Lunes, Marso 26, 2012

The Six Chemical Reactions

chemical reaction is a process that leads to the transformation of one set of chemical substances to another. Chemical reactions can be either spontaneous, requiring no input of energy, or non-spontaneous, typically following the input of some type of energy, such as heat, light or electricity. 

All chemical reactions can be placed into one of the six categories. Here they are, in no particular order:

1) Combustion: A combustion reaction is when oxygen combines with another compound to form water and carbon dioxide. These reactions are exothermic, meaning they produce heat. An example of this kind of reaction is the burning of napthalene:
C10H8 + 12 O2 ---> 10 CO2 + 4 H2O

2) Synthesis: A synthesis reaction is when two or more simple compounds combine to form a more complicated one. These reactions come in the general form of:
A + B ---> AB
One example of a synthesis reaction is the combination of iron and sulfur to form iron (II) sulfide:
8 Fe + S8 ---> 8 FeS

3) Decomposition: A decomposition reaction is the opposite of a synthesis reaction - a complex molecule breaks down to make simpler ones. These reactions come in the general form:
AB ---> A + B
One example of a decomposition reaction is the electrolysis of water to make oxygen and hydrogen gas:
2 H2O ---> 2 H2 + O2

4) Single displacement: This is when one element trades places with another element in a compound. These reactions come in the general form of:
A + BC ---> AC + B
One example of a single displacement reaction is when magnesium replaces hydrogen in water to make magnesium hydroxide and hydrogen gas:
Mg + 2 H2O ---> Mg(OH)2 + H2

5) Double displacement: This is when the anions and cations of two different molecules switch places, forming two entirely different compounds. These reactions are in the general form:
AB + CD ---> AD + CB
One example of a double displacement reaction is the reaction of lead (II) nitrate with potassium iodide to form lead (II) iodide and potassium nitrate:
Pb(NO3)2 + 2 KI ---> PbI2 + 2 KNO3

6) Acid-base: This is a special kind of double displacement reaction that takes place when an acid and base react with each other. The H+ ion in the acid reacts with the OH- ion in the base, causing the formation of water. Generally, the product of this reaction is some ionic salt and water:
HA + BOH ---> H2O + BA
One example of an acid-base reaction is the reaction of hydrobromic acid (HBr) with sodium hydroxide:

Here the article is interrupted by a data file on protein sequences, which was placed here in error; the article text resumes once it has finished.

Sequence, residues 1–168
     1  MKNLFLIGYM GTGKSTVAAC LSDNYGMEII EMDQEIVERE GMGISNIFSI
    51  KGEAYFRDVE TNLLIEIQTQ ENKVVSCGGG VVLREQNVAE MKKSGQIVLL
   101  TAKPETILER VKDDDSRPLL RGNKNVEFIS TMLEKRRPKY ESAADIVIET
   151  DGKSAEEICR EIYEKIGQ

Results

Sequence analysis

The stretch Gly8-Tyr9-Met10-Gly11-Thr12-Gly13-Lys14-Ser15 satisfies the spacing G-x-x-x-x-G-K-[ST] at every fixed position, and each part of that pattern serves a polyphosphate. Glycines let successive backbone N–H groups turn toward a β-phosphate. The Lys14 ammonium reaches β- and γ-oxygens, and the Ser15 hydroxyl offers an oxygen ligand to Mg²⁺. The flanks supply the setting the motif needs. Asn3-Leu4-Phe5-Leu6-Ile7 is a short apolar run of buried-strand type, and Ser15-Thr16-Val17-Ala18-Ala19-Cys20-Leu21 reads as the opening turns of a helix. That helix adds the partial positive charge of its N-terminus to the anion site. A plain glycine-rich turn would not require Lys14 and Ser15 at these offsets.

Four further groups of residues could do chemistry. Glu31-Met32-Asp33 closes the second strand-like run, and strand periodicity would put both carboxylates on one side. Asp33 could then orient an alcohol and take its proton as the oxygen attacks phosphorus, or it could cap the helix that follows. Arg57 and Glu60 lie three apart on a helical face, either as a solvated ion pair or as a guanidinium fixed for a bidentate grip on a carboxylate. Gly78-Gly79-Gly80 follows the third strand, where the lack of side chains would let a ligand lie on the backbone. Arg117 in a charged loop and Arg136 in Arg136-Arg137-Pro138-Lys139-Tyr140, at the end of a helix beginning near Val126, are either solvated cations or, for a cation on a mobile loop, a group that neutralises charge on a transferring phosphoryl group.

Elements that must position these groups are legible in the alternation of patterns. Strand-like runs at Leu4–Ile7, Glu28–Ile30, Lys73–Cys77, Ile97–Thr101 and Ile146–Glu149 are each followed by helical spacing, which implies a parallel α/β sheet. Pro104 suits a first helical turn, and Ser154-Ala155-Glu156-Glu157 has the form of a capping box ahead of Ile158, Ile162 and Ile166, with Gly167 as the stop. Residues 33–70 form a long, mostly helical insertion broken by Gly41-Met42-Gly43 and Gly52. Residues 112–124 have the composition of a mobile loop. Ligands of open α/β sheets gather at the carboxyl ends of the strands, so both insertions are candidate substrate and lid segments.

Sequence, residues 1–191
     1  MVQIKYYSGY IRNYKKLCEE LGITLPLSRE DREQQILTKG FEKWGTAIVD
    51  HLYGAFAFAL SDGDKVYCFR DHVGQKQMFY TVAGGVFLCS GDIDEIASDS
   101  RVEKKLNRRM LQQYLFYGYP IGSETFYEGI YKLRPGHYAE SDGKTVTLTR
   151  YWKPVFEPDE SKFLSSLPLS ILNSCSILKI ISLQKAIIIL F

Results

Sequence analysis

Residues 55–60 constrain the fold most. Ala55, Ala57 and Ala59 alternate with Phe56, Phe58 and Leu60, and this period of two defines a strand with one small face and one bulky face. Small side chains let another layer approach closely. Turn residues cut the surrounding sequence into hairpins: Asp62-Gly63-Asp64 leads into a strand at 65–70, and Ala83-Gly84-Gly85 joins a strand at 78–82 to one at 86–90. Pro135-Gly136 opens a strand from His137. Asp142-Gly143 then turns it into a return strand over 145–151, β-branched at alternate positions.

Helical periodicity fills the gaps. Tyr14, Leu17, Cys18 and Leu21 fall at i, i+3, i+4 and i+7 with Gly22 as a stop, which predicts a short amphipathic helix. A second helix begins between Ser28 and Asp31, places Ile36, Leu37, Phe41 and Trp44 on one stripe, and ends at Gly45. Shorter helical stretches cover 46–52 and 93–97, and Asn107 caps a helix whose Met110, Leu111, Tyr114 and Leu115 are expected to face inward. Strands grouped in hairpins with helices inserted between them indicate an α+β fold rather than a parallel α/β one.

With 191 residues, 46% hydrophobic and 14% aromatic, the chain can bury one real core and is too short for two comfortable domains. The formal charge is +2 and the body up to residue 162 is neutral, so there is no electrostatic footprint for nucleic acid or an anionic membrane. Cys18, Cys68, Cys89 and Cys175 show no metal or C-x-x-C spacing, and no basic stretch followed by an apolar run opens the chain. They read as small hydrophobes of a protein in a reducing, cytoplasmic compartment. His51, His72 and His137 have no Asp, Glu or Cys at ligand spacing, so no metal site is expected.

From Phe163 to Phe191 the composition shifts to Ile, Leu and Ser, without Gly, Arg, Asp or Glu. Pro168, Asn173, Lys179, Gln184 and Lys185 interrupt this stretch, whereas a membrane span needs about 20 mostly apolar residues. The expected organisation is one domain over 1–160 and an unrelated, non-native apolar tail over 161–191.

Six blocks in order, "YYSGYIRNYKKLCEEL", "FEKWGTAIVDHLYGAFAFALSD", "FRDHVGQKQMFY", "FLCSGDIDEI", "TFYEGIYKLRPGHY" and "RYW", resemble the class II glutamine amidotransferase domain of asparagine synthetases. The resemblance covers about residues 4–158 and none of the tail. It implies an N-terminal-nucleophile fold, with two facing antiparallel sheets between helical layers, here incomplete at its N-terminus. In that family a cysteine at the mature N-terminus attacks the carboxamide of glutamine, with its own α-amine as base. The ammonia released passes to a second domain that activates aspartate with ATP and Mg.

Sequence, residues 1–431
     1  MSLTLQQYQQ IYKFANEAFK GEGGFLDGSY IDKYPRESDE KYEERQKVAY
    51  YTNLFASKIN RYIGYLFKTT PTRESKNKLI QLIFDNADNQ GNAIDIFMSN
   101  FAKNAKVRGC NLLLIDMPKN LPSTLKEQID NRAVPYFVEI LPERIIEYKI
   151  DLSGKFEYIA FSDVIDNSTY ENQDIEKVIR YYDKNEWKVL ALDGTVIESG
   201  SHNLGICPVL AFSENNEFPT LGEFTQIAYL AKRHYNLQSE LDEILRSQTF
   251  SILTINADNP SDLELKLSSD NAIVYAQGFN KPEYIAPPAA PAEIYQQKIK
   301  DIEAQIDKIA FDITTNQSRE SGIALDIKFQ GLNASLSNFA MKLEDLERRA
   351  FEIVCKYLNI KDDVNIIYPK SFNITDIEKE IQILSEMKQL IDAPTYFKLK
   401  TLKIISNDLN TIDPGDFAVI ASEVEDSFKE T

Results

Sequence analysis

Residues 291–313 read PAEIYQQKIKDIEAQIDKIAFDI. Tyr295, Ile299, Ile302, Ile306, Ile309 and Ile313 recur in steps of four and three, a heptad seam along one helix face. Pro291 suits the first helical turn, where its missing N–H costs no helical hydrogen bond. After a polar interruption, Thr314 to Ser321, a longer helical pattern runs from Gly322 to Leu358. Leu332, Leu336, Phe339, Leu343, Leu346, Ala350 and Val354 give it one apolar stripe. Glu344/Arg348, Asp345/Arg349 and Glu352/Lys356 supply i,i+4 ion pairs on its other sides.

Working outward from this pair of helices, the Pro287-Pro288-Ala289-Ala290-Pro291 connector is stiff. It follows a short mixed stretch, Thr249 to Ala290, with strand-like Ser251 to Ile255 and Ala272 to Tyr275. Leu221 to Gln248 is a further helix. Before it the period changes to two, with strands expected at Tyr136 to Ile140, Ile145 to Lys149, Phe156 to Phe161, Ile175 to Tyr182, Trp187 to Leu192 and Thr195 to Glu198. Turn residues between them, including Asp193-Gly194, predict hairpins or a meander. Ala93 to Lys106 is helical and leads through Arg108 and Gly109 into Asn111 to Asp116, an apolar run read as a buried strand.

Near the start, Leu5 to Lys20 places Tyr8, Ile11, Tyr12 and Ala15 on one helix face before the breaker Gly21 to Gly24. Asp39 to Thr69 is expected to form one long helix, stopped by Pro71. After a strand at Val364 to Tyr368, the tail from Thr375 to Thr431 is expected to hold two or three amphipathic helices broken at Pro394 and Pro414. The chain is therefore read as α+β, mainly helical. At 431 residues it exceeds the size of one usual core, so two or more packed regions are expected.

HBr + NaOH ---> NaBr + H2O

Sabado, Pebrero 18, 2012


1.Begin by viewing the table. The rows are called periods and are listed in order of their atomic number from lowest to highest. The atomic number represents the number of protons found in the nucleus of their atoms. The columns are called groups. The groups are considered the most important means of identifying the metals. The groupings are called alkali metals, alkali earth metals, halogens, noble gases, transition metals, rare earth metals, other metals and other non-earth metals. The groups indicate similar chemical properties and the same type of electron configurations in their valence shell.
The electrons in the outer shell are called valence electrons, which determine how reactive a metal is to other metals. The Roman numerals above each group of elements specify the usual number of valence electrons. The "a" and "b" included next to the Roman numerals determine where the electrons reside. Representative elements are "a" and their electrons reside in the "s" and "p" sub-levels. The non-representative elements are "b" and their electrons reside in the "d" and "f" sub-levels.

Look at the table and find iron, or Fe. Fe stands for the Latin word ferrum. Fe has a series of numbers around it. To locate iron find it in group 8 VIIIb. Above the abbreviation of Fe is its atomic number, which is 26. Usually below the Fe is the atomic weight, which is 55.847. Some periodic tables vary to some degree in the information and configuration but the atomic number and atomic weight will be present.

 Notice a separate group of metals at the bottom. This group is called the rare earth metals. Most of the rare earth metals are man made. There are 30 of these metals, and they reside in group 3 in rows 6 and 7. These metals comprise two series of metals called lanthanide and actinide.